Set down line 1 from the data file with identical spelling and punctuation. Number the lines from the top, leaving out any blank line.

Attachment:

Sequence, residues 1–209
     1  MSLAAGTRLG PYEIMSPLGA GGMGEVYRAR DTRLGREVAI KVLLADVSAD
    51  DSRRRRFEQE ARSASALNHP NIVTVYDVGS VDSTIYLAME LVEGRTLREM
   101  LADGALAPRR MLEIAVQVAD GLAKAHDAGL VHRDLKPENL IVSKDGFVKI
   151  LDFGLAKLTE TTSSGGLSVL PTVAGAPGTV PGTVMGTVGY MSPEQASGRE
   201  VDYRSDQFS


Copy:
Sequence, residues 1–209